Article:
In this file, you can add/delete/modify various parameters such as groups or users allowed to run sudo commands, specific ways of using sudo per groups/users, etc… Whether they are in the “sudo” group or not !
Before showing you how I configured it, let’s talk about the principles parameters you may need to know about :
You can apply a new sudo configuration to a specific user by typing its name or to an entire group by typing its name preceded by a “%” sign (like so : %name_of_the_group)
You can choose between 3 ways of using sudo, according to 3 different parameters :
– Blank (no parameter) → Sudo will ask for the user password when it will be used. That’s the default configuration.
– NOPASSWD: → Sudo will not ask for any password when it will be used. It might sounds weird, but it’s actually a really useful option for a particular case that I’ll show you below.
– ROOTPW: → Sudo will ask for the root password instead of the regular user password (It was hard for me to find a case where this was actually a good idea… But I guess, it can be useful if you want to give specific sudo rights to a user while keeping the control on it by typing the root password yourself each time the user needs to use sudo… Anyway, I prefer to give sudo permissions to users that really needs them or not giving them at all. Useless and risky option in my opinion).
You can then choose if the user or group can run all commands with sudo by typing “ALL” or specified a list of allowed commands separated by a comma.
Be aware that you can make several configurations for the same user or group, in order to mix those parameters if needed.
So here’s is my personal configuration :
[pi@pihole ~]$ sudo visudo # # This file MUST be edited with the 'visudo' command as root. # # Please consider adding local content in /etc/sudoers.d/ instead of # directly modifying this file. # # See the man page for details on how to write a sudoers file. # Defaults env_reset Defaults mail_badpass Defaults secure_path="/usr/local/sbin:/usr/local/bin:/usr/sbin:/usr/bin:/sbin:/bin" # Host alias specification # User alias specification # Cmnd alias specification # User privilege specification root ALL=(ALL:ALL) ALL # Allow members of group sudo to execute any command %sudo ALL=(ALL:ALL) ALL # See sudoers(5) for more information on "#include" directives: #includedir /etc/sudoers.d pihole ALL=(ALL) NOPASSWD:/home/pihole/pihole_FTL_log_management.sh,/home/pihole/pihole_log_management.sh,/home/pihole/pihole_update.sh,/home/pihole/pihole_blacklist_update.sh,/home/pihole/pihole_whitelist_update.sh
I added the bold lines above. This way, the user pihole can run all the scripts I wrote to manage the Pihole instance with sudo but without having to type his password.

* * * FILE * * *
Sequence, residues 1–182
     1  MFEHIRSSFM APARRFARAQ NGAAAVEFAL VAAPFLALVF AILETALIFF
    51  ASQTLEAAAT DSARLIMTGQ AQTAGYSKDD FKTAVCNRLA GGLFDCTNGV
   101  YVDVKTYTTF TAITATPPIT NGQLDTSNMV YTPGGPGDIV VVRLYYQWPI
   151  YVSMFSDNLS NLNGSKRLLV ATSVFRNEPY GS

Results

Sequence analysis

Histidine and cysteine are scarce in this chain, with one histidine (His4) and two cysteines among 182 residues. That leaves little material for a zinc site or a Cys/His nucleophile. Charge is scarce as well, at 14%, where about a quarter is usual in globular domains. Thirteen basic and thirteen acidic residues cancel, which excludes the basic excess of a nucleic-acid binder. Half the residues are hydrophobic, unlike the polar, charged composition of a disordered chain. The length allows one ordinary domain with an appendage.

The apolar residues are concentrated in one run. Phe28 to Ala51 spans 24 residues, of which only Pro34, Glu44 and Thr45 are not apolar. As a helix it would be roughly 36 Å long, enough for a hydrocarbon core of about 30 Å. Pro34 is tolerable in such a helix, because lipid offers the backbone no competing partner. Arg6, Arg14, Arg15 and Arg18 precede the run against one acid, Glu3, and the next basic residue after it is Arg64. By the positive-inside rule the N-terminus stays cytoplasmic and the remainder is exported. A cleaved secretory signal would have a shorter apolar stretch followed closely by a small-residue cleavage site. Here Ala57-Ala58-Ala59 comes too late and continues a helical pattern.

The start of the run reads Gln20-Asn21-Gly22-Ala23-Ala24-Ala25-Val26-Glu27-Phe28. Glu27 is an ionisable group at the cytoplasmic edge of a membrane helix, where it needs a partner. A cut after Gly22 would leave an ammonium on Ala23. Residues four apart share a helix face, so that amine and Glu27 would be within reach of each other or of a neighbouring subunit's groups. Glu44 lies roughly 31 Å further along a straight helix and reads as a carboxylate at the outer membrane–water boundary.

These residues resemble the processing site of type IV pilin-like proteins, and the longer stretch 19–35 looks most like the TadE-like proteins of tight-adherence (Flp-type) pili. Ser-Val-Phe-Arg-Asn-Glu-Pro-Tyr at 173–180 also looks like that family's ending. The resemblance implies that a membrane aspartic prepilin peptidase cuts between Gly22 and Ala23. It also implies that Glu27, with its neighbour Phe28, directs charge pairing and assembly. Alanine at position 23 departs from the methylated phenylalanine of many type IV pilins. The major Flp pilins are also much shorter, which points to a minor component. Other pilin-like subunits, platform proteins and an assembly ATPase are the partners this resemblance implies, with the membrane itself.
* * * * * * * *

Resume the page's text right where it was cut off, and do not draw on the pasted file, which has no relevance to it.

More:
Why working with scripts instead of regular commands in visudo ? And why allowing sudo without password ? :
I highly recommend working with scripts (or aliases) instead of regular commands when it implies sudo rights. And there’s two reasons for that.
The first one is, like I said in my previous article, humans often fail… Machines don’t !
Like uncle Ben once said : “With great power comes great responsibility”. All of this to say that a mistyped command using sudo can be fatal for your system.
Executing sensitive commands via a script (or an alias) is a good way to avoid mistakes.
The second reason is that allowing commands directly into the sudo configuration might be very dangerous, depending on the way you’ve done it.
Let’s take an easy example :
In one of the scripts I wrote for the user “pihole” to manage pihole’s log files, I use the well-known and basic “find” command to get a list of the current pihole’s log files stored on my system.
Those files are stored in a directory in which the “pihole” user doesn’t have enough permissions to read those files. So this “find” command has to be executed with sudo rights.
Well okay, I’ll just give sudo rights for the “find” command to the “pihole” user using visudo, like so :
pihole ALL=(ALL) NOPASSWD:/usr/bin/find
Until you find that the not so basic “find” command is actually powerful enough to gain a root shell while being using with sudo :
[pi@pihole ~]$ sudo find . -exec /bin/sh \; -quit # whoami root # id uid=0(root) gid=0(root) groupes=0(root) # cd /root # pwd /root # ls -l total 4 -rw-r--r-- 1 root root 79 févr. 7 18:57 secret.txt # cat secret.txt How did you manage to read this ?! You shouldn't be able to read those lines ! #
Oops… You cannot imagine what “basic” commands are capable to do when executed with sudo rights…
So, the workaround would be to get more precise on the way to use the find command with sudo.
You can actually specify some flags for a command or a specific target (such as file, directory, etc…) :
pihole ALL=(ALL) NOPASSWD:/usr/bin/find /var/log/pihole/
So now, my “pihole” user can only run find with sudo on the /var/log/pihole/ directory, which is way better !
But, in some particular cases, it can be hard to be precise enough.